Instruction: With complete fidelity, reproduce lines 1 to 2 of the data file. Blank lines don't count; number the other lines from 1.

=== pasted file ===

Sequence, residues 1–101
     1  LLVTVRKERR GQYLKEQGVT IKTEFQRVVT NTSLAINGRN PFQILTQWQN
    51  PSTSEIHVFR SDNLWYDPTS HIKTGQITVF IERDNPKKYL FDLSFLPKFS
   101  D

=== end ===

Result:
Sequence, residues 1–101
     1  LLVTVRKERR GQYLKEQGVT IKTEFQRVVT NTSLAINGRN PFQILTQWQN